The United States
The United States has historically had a mixed record on human rights, but has consistently been among the highest ranked nations overall on global indices of democracy, corruption, human and civil rights. With respect to measures of democracy, the U.S. has recently fallen from a Full Democracy to a Flawed Democracy and is ranked 25th overall, well behind its neighbor Canada, which is 7th. Functioning of Government is now 7.14 on a 10-point scale with concerns raised over public trust in government institutions, divisive political partisanship, and a strong trend toward concentration of power in the executive branch and the presidency – all of which have led to a domestic loss of confidence in government and a shift toward authoritarian political culture. The executive branch’s America First approach, as evidenced by the trade war with China and the declining reliance on international diplomacy coupled with aggressive and isolationist treatment of its traditional allies in the West, has had a significant negative effect on the reputation and credibility of the country among its partners. The coddling treatment of authoritarian states such as Russia, the Philippines, and India has similarly damaged its reputation in human rights. The nation’s rank on Civil Liberties, at 8.24, is well below the average of its counterparts in Europe and Australasia (Economist Intelligence Unit, 2020).
Over the past few years the United States has been regressing from its former role as a human rights leader, notably in the growingly inhumane treatment of immigrants and refugees, the continuing mass incarceration of prisoners (including children), the abuse of solitary confinement, a retreat on the rights of LGBTQ individuals, racially-biased law enforcement, and a pronounced national narrative of xenophobia and racism (Human Rights Watch, 2020).
The U.S. is a party to two major international human rights treaties – the International Convention on the Elimination of All Forms of Racial Discrimination and the International Covenant on Civil and Political Rights, however the United States is one of only two countries in the world that has not ratified the United Nations Convention on the Rights of the Child. This convention, which protects children’s rights, requires that subject parties shall not deprive children of their liberty.
Criminal Justice System
With 2.2 million in jails/prisons and 4.5 million on probation and parole, the United States continues to report the highest rates of criminal incarceration in the world (Human Rights Watch, 2020). The United States imprisonment rate (number of prisoners per 100,000 people) is 737, followed by Russia at 615. (World Population Council, 2020). The death penalty is legal in 29 states and federal imposition of the death penalty resumed in 2019 after a moratorium of 16 years (Human Rights Watch, 2020).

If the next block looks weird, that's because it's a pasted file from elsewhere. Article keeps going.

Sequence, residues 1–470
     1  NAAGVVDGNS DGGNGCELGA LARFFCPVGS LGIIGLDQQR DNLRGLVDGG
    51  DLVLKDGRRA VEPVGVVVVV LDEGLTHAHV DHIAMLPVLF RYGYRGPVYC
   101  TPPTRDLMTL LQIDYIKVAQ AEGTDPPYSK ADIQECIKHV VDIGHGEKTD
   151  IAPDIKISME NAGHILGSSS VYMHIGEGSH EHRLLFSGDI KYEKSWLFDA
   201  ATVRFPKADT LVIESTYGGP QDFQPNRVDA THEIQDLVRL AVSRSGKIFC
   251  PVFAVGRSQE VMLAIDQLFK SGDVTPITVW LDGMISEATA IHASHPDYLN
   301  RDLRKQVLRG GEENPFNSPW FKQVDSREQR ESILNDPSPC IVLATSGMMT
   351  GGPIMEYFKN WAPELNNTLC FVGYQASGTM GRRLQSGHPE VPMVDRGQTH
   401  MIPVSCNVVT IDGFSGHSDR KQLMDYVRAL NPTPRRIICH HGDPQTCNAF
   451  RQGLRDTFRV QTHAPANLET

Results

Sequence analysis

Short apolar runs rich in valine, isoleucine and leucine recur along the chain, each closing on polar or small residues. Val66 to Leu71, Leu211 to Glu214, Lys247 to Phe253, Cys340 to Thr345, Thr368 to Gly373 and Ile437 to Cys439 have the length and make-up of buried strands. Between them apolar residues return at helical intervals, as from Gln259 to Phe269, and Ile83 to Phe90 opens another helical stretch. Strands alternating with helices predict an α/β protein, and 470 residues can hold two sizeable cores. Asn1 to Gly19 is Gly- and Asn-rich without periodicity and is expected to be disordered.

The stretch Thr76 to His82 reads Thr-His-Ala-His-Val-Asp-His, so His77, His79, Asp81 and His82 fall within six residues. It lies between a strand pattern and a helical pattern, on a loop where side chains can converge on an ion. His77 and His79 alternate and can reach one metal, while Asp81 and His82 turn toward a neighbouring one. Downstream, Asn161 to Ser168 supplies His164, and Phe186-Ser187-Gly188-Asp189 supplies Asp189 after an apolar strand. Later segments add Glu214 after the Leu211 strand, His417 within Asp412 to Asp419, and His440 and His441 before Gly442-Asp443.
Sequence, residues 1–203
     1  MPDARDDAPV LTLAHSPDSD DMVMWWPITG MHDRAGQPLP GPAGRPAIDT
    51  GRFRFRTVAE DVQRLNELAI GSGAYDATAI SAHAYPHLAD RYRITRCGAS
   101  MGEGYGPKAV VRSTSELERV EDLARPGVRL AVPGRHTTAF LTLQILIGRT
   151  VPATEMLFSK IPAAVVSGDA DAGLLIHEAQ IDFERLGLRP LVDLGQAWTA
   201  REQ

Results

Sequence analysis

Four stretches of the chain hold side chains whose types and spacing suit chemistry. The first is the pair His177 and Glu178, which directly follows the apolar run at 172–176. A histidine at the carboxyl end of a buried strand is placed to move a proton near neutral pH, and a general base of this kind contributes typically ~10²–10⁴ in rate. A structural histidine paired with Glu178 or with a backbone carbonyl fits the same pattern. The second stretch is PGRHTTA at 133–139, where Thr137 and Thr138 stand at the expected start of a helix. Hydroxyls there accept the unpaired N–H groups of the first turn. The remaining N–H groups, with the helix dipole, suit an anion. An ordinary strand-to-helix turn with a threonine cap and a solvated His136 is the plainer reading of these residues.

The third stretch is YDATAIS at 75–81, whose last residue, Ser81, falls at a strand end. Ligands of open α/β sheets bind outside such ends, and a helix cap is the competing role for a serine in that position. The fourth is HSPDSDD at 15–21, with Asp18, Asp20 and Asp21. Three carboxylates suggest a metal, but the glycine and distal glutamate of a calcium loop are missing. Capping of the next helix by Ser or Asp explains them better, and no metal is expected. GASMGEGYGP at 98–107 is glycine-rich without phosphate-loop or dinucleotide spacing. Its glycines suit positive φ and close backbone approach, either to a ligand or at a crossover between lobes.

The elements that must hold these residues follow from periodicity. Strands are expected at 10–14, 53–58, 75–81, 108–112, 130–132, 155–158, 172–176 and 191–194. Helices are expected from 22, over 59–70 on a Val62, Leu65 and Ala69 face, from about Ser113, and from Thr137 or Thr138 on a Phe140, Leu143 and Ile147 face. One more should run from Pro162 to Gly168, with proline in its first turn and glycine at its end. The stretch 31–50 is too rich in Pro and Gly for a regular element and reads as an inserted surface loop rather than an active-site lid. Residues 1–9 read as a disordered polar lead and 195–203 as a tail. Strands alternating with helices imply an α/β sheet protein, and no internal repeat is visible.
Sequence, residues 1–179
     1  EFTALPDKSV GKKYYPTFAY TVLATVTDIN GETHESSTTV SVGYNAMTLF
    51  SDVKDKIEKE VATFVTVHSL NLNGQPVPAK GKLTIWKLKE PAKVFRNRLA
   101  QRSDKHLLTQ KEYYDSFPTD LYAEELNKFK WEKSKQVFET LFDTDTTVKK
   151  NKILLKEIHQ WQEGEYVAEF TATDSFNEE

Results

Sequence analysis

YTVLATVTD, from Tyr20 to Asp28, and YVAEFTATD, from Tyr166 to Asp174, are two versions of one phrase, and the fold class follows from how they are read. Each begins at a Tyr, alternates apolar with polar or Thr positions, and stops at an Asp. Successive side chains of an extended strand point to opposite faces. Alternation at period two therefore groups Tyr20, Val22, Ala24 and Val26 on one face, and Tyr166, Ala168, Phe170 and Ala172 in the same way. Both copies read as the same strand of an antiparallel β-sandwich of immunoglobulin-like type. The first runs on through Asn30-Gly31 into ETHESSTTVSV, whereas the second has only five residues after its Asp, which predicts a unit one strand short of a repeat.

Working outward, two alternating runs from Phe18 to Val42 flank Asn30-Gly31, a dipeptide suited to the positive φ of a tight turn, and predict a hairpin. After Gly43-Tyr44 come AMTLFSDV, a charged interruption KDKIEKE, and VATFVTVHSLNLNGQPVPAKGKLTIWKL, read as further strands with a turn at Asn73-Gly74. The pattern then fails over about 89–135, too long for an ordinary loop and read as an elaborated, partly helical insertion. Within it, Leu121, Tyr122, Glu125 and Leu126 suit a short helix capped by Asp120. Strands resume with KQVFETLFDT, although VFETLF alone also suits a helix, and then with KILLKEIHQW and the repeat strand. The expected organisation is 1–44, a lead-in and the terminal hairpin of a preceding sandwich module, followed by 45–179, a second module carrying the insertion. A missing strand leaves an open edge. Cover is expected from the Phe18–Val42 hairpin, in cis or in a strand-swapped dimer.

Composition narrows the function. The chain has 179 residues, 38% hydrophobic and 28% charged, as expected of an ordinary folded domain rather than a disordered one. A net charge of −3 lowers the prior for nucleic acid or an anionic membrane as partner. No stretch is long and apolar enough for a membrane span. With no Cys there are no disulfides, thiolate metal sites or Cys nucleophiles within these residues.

About 4.5 million individuals are in community correctional supervision (U.S. Bureau of Justice Statistics, 2018). Just under half (46%) of offenders were convicted of nonviolent drug crimes (Federal Bureau of Prisons. 2018). African-Americans comprise 33% of the prison population and are incarcerated at a rate that is six times that of whites. Hispanics, who constitute 16% of the population, comprise 23% of the prison population. The imprisonment rate for black women is about twice as high as for white women (Pew Research Center, 2018; Human Rights Watch, 2020).
With increasing public awareness of the number of inmates who have been incarcerated for decades, often for nonviolent crimes such as drug possession, there was a 10% decrease in incarceration rates. Moreover, the high costs of incarceration on state and federal budgets is prompting state reduction of incarceration rates and early prisoner releases (Human Rights Watch, 2020). Bipartisan legislation has allowed for reform, such as The First Step Act of 2018 that has resulted in the release of more than 3,000 people from prison.
Poor defendants who have been charged with a crime, but not convicted, are often incarcerated because they cannot afford to post bond. An unfortunate result has been that defendants opt, or are coerced, to plead guilty to secure an earlier release (Human Rights Watch, 2020).
Alarmingly, large numbers of children are routinely incarcerated in the United States. On average 50,000 children and youth are imprisoned at any given time and all 50 states permit the prosecution of minors in adult criminal courts. Over one thousand minors have been sentenced to life terms. Minority children are at much greater risk of incarceration and black children are disproportionately serving time. Migrant children who have crossed the border without authorization are detained, often for months, and unauthorized migrant and refugee children have been forcibly separated from their parents and imprisoned in separate facilities.
In the American prison system, there is a widespread use of isolation, which it can be argued is a form of torture. According to the U.N. Convention Against Torture, torture is any state-sanctioned act “by which severe pain or suffering, whether physical or mental, is intentionally inflicted on a person for information, punishment, intimidation, or for a reason based on discrimination” (United Nations, 2020).